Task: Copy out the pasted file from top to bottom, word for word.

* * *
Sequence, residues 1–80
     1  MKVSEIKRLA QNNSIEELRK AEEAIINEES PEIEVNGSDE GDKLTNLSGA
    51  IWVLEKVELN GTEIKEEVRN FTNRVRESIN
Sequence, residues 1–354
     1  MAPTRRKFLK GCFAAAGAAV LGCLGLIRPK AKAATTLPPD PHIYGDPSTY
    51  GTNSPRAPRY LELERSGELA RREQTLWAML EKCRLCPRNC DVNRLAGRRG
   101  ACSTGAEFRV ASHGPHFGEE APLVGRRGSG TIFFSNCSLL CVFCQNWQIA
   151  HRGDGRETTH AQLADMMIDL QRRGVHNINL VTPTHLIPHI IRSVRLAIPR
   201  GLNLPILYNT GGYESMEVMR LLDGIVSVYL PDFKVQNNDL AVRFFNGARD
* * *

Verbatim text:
Sequence, residues 1–80
     1  MKVSEIKRLA QNNSIEELRK AEEAIINEES PEIEVNGSDE GDKLTNLSGA
    51  IWVLEKVELN GTEIKEEVRN FTNRVRESIN
Sequence, residues 1–354
     1  MAPTRRKFLK GCFAAAGAAV LGCLGLIRPK AKAATTLPPD PHIYGDPSTY
    51  GTNSPRAPRY LELERSGELA RREQTLWAML EKCRLCPRNC DVNRLAGRRG
   101  ACSTGAEFRV ASHGPHFGEE APLVGRRGSG TIFFSNCSLL CVFCQNWQIA
   151  HRGDGRETTH AQLADMMIDL QRRGVHNINL VTPTHLIPHI IRSVRLAIPR
   201  GLNLPILYNT GGYESMEVMR LLDGIVSVYL PDFKVQNNDL AVRFFNGARD